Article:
Upcoming Interview with Chadwick Ginther On Monday, October 22, 2012

I did a review of Chadwick Ginther’s Thunder Road on September 21st, and after reading it, I knew that I should talk to Mr. Ginther about his vision of Norse mythology and its role in Canadian SF, the social significance of tattoos, and regionalism in Canadian SF. I hope that you enjoy reading the Interview with Chadwick Ginther on Monday, October 22, 2012

Here are some quotes from the interview:

Chadwick Ginther: “The Norse gods seemed more real—more human—to me even then. Not only could they die, but most of them knew when, where and how it was going to happen. The inevitability of Ragnarök fascinated me.”

Chadwick Ginther: “One doesn’t have to travel too far north of Winnipeg to find true wilderness, and that wilderness is, at least according to local folklore, already full of monsters. Lake Manitoba is rumoured to have its own lake serpent (Manipogo). The Interlake region, between Lake Winnipeg and Lake Manitoba, is home to many reputed sasquatch sightings; Carman Manitoba has had numerous UFO sightings; Winnipeg’s downtown is full of supposedly haunted buildings. I looked at existing paranormal belief, tried to explain it in a Norse context, and then let the monsters loose on the page. Manipogo became Jormungandur, the Midgard Serpent; sasquatch became my jötunn.”

Chadwick Ginther: “I don’t think Mythology will ever stop being relevant. It was our ancestors’ way of trying to explain what they couldn’t understand. At their core, people have the same basic desires, faults and virtues as we ever have, some of us are kind, some jealous; we’ll always be able to see something of ourselves in these stories from the past. Otherwise the myths would have faded with their original tellers.”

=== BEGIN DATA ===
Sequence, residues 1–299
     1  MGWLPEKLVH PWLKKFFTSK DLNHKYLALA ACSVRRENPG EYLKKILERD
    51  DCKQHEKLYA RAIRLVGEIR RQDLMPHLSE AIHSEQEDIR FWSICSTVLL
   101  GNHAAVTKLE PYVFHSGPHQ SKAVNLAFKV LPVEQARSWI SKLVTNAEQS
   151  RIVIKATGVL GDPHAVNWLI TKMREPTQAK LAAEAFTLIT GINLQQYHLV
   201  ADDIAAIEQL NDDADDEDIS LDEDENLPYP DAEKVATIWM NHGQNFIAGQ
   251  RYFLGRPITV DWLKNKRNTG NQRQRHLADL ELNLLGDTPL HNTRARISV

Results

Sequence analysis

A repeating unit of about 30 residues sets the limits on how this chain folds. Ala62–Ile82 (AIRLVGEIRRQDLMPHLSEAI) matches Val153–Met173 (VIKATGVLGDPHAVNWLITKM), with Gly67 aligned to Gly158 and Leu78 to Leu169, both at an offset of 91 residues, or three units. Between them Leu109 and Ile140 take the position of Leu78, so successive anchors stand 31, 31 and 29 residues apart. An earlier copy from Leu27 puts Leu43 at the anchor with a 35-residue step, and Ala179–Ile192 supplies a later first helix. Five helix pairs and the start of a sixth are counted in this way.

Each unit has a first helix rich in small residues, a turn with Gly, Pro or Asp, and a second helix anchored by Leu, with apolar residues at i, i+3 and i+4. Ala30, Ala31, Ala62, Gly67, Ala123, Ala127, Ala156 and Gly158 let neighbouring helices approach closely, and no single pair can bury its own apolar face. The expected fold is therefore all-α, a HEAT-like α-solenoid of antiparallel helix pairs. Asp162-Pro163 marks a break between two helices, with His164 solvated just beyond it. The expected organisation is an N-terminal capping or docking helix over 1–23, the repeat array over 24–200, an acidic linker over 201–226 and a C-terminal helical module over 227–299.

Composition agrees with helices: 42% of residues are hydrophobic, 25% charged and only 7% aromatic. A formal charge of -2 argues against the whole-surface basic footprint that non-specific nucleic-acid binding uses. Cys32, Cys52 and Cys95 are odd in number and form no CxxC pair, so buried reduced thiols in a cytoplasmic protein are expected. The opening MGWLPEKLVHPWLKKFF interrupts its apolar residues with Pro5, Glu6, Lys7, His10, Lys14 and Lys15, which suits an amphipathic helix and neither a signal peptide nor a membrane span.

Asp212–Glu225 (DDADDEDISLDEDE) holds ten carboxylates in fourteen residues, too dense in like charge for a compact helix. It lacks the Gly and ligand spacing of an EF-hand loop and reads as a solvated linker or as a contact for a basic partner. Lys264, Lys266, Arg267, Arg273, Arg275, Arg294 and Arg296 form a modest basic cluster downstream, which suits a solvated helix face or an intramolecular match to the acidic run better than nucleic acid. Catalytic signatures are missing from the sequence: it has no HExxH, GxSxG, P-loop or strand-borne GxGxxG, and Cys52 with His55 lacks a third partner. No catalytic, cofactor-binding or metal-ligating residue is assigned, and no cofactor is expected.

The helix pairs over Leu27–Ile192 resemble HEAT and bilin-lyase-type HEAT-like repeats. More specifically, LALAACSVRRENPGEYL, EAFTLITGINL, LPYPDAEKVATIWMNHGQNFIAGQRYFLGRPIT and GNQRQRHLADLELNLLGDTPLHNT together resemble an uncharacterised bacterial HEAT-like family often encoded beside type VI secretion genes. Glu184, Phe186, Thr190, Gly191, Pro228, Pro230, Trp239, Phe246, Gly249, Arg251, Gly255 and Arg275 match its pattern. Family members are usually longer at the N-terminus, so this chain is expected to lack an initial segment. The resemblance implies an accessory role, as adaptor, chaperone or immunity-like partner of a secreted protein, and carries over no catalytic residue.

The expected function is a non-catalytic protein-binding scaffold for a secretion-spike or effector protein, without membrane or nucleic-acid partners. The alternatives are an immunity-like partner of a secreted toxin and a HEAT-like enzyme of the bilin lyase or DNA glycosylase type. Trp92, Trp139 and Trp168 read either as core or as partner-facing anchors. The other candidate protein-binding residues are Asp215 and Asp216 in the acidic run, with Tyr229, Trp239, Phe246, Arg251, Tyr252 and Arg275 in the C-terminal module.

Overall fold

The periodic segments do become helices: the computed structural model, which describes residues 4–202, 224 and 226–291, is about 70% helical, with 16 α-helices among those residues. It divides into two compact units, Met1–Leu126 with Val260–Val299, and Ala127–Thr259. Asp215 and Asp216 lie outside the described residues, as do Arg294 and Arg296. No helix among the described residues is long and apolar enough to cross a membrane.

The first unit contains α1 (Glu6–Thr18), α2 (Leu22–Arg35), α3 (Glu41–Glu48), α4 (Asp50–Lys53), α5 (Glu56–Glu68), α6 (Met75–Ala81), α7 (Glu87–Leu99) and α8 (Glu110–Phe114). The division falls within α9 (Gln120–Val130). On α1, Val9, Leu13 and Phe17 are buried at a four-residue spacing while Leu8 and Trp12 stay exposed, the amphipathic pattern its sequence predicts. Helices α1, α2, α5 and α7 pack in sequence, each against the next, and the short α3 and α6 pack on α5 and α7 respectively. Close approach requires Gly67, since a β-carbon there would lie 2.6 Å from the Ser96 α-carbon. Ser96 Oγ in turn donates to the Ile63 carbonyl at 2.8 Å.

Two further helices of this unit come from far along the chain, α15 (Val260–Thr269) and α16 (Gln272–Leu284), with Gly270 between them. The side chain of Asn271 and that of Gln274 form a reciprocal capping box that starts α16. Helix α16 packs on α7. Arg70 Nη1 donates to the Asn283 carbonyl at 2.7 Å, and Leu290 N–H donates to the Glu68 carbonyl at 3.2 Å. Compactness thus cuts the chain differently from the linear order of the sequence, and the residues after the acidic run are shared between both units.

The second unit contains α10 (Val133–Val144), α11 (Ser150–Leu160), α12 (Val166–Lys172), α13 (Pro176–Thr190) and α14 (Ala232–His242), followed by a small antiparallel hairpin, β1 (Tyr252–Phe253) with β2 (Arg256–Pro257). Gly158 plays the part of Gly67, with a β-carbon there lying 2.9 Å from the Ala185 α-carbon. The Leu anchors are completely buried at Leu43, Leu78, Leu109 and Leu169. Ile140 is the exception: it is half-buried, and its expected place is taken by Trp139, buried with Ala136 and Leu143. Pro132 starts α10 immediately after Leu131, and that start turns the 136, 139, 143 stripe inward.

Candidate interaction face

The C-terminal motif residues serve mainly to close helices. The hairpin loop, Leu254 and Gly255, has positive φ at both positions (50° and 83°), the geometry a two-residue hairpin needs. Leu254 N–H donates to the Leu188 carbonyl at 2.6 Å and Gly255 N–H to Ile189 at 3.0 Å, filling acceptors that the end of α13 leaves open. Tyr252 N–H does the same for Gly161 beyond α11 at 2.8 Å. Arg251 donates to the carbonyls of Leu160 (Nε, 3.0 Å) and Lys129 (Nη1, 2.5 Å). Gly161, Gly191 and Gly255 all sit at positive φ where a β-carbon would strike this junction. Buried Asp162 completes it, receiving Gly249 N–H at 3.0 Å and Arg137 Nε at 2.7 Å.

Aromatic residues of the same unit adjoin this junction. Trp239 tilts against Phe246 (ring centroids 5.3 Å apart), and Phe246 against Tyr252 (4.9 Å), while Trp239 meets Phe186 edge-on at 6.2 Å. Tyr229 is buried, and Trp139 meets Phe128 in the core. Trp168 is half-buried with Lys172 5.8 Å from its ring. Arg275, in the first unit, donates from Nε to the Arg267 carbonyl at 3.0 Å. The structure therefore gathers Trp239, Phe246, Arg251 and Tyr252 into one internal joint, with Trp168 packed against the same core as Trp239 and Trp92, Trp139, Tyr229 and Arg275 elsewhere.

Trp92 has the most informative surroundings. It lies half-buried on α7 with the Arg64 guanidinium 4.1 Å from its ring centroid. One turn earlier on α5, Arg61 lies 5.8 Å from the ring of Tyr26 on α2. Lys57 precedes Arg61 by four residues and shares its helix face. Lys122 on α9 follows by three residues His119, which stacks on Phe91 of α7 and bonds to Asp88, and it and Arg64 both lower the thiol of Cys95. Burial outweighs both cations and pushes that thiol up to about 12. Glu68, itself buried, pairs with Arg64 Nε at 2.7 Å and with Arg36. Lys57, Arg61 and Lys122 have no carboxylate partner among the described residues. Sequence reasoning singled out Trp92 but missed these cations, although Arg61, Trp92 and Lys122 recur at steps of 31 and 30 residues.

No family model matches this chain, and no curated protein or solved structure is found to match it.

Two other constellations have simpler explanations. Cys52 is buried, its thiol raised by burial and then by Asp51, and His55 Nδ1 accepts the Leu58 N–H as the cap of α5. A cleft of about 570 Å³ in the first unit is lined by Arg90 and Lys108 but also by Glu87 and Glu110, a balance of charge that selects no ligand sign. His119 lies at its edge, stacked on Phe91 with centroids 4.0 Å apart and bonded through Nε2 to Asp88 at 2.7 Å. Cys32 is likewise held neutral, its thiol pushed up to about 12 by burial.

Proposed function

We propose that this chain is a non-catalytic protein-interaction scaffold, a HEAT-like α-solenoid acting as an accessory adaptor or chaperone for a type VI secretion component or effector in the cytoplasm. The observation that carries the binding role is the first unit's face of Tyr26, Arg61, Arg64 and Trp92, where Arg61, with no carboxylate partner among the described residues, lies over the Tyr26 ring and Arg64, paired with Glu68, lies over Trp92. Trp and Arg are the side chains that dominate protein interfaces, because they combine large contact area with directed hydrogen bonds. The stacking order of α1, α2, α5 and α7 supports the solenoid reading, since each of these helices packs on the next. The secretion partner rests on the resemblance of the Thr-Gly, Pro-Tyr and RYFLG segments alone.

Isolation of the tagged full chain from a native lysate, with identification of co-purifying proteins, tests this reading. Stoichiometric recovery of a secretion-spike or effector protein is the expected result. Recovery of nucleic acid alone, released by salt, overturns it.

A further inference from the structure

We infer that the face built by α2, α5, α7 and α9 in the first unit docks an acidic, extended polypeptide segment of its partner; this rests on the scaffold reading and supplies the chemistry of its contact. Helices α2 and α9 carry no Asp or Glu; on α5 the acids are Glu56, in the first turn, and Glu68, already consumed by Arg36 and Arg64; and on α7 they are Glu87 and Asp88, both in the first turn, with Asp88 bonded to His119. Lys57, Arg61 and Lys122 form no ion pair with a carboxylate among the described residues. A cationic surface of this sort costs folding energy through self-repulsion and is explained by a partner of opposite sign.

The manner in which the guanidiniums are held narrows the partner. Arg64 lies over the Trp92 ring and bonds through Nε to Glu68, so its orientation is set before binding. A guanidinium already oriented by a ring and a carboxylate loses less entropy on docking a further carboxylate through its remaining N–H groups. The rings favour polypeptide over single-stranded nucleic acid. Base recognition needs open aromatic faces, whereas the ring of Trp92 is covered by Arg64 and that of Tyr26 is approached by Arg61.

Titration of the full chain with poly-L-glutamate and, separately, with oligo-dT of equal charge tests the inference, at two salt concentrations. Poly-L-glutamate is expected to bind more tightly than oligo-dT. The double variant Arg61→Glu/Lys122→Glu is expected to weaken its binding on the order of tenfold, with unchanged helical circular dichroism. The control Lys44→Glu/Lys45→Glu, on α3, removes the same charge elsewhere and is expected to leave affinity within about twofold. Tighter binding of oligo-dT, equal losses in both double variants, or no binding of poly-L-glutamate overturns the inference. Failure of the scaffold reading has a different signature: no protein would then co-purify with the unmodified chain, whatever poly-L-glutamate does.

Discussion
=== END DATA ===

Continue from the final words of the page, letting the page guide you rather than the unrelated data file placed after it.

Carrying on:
Chadwick Ginther: “Often in fantasy, and specifically in urban fantasy, power can come with either a sacrifice or in a violation of self—vampires and werewolves both evoke that sense of having one’s normal life stolen.”

Chadwick Ginther: “No one really thinks of Manitoba when they think of fantasy. Hopefully that will change.”

Chadwick Ginther: “I hope that Thunder Road can inspire readers to look more closely at their homes to find those ties to the mythological past.”

Chadwick Ginther: “People call speculative fiction “escapist,” as if that is a bad thing. I live a realistic life. Why would I want to spend my time writing about only the drudgery of everyday.”

Chadwick Ginther: “With mythic fiction, and really all of speculative fiction, I can have my cake and eat it too. I can have an exploration of deep philosophical issues or the nature of humanity side by side with big, bold ideas and an action-packed read. I can’t think of another art form that blends the two sensibilities better than speculative fiction does.”

Chadwick Ginther: “Fiction by definition isn’t true, but it can hold truth—even when you’re writing about the god of lies.”

I hope you enjoy his insights as much as I did. Tune in to Speculating Canada on Monday, October 22, 2012 for more of Chadwick Ginther’s thoughts and ideas.


Derek Newman-Stille

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